Santa Teresa, NM built on NAFTA, sweats it out in the desert. - Sarah Tory - High Country News - Thursday 2/22

Santa Teresa, NM built on NAFTA, sweats it out in the desert.
Sarah Tory
High Country News
Thursday 2/22


Most people who saw the Chihuahua Desert in their dreams would want to wake up as soon as possible. The sandy flatland that stretches from Southern New Mexico, across the border and deep into Mexico offers little for the eye to see, other than a vast blue sky above an occasional mesa in the distance, with lots of mesquite scrub in between.

But Jerry Pacheco has, for more than 30 years, dreamed of the desert and the border as the setting for a beautiful, bi-national boom town, a small city of parks and gardens and a central square that straddles the US-Mexican border and offers a common space to citizens of both countries.  Los Santos, he calls it, in his dreams and on the architectural plan he has commissioned.  Los Santos, the saints, saluting the pre-existing villages of San Jose and San Jeronimo in Mexico and Santa Teresa, New Mexico.

Santa Teresa is the town that is booming, although calling it a town is misleading because no one lives there. But already a lot of people work there, and in Jerry Pacheco’s dreams, there will soon be a lot more.  The hub of Santa Teresa and the heart of its economy is it official US-Mexican Port of Entry in Santa Teresa and hundreds of truckloads of goods like computers and car parts that move back and forth through the Santa Teresa checkpoint every day.

The Mexican Interstate highway 45 is nearby and so are I-10, the main east-west artery that ties together the American south from coast to coast, from Santa Monica, CA to Jacksonville, FL, and I 25, which goes North from I-10 at Las Cruces, NM to I 90, just south of the Montana-Wyoming State line. But what made the Santa Teresa dream a lot realer, a lot richer, was the opening in 2014 of a major rail link of the Southern Pacific Railway.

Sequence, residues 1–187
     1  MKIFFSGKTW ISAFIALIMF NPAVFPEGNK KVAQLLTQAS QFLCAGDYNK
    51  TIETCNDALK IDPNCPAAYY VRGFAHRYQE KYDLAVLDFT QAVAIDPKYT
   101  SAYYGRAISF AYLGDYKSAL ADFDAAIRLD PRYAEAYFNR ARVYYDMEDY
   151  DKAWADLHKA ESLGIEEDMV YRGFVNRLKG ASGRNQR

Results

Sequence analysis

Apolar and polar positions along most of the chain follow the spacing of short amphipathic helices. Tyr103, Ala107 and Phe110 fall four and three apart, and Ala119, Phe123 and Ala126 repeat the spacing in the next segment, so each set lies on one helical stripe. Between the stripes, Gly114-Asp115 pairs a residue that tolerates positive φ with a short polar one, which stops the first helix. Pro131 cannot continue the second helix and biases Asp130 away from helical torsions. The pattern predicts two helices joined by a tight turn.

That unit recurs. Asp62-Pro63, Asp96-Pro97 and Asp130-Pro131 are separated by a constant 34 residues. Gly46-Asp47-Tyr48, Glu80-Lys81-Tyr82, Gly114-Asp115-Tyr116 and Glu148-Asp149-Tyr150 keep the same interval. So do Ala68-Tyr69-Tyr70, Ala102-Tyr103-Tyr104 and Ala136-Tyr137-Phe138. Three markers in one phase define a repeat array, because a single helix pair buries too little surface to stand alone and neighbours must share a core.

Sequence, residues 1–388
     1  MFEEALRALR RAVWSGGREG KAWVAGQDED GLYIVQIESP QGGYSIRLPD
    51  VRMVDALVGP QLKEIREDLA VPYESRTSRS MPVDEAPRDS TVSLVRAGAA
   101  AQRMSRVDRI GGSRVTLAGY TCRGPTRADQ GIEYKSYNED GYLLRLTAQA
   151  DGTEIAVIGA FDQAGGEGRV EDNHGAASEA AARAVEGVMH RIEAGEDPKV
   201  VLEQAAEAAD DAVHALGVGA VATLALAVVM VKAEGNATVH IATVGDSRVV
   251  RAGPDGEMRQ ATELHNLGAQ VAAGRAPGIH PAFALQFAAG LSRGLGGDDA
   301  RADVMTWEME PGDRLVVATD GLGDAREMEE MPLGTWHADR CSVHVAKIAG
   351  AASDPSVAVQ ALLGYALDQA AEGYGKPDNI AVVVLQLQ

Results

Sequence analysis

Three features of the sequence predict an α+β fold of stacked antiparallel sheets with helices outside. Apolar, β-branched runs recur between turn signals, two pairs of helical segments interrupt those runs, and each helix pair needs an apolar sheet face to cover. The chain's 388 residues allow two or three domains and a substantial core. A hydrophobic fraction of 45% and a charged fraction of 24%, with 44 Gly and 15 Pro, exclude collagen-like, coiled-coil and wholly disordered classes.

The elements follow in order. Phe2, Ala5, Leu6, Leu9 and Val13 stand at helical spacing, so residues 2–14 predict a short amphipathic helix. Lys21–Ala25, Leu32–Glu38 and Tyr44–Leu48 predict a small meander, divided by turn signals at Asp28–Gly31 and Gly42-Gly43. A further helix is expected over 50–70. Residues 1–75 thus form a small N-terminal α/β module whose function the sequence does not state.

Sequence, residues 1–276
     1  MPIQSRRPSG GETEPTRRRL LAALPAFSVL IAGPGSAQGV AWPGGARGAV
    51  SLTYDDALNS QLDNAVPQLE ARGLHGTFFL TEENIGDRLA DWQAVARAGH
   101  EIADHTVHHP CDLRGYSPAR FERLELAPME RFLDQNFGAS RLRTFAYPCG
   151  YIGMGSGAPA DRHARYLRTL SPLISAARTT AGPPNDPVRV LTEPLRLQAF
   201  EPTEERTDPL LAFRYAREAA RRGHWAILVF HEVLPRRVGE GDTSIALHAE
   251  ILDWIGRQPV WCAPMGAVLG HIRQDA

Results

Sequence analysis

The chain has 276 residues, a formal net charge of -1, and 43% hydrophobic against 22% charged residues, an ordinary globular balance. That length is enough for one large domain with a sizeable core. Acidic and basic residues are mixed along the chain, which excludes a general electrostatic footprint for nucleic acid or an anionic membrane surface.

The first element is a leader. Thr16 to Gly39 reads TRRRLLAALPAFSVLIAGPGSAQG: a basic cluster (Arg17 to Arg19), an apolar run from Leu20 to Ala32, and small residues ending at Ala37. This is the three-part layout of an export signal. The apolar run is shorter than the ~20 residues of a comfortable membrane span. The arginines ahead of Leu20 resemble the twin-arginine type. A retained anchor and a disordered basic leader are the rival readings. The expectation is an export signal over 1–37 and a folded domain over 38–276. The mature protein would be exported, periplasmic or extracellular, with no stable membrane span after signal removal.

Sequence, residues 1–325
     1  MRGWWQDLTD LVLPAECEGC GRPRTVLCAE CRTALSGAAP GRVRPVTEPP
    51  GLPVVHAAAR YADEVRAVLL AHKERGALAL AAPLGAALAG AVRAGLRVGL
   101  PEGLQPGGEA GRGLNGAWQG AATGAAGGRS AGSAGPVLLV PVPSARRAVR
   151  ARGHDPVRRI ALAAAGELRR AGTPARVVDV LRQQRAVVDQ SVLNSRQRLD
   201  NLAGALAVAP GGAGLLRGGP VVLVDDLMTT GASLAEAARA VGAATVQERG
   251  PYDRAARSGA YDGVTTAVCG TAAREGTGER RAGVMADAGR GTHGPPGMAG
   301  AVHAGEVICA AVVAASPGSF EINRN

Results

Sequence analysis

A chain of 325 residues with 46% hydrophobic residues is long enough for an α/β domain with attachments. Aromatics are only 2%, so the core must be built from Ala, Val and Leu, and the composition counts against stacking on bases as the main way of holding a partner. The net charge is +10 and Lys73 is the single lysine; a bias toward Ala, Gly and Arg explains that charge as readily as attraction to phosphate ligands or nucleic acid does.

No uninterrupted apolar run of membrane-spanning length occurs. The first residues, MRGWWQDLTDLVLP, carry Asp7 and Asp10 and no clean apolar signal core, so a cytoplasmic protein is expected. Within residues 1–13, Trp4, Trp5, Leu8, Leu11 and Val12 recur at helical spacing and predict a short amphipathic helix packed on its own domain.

Driving this development have been aggressive marketing and state subsidies pushed by New Mexico’s Republican Governor Susana Martinez, which have attracted several big-time investors.  Now, real estate brokers say, a lot of money from El Paso that had been building east of the city, close to the Zaragoza Port of Entry, have started building west towards Santa Teresa.

But the boom and the dream are threatened by 2 ongoing nightmares…an ongoing shift in drug trafficking from marihuana to methamphetamine and fentanyl, both higher-value drugs than pot and tied to a much higher level of criminal violence…and President Donald Trump’s threat to tear up the real key to Santa Teresa’s survival, NAFTA, the North American Free Trade Agreement.



Growing up in Toronto, Sarah Tory devoured books on mountaineering, learned to ski on the modest yet icy slopes several hours away and became an avid rock climber and runner. The summers after her high school graduation in New Hampshire and freshman year at Williams College in Massachusetts, she returned to the Canadian Rockies, where she cleaned cabins at a lodge – and encountered grizzly bears.

Sarah, who recently completed her MFA from Columbia University in New York, has covered environmental issues for the English-language Santiago Times in Chile and worked on a documentary about mining in Peru. She and a friend once biked 5,000 kilometers through Argentina and Chile, ending in Argentina’ Ushuaia, the southernmost city in the world. “Ramona,” her trusty touring bike, accompanied her to Paonia, but her interest in a mountain bike is growing daily.



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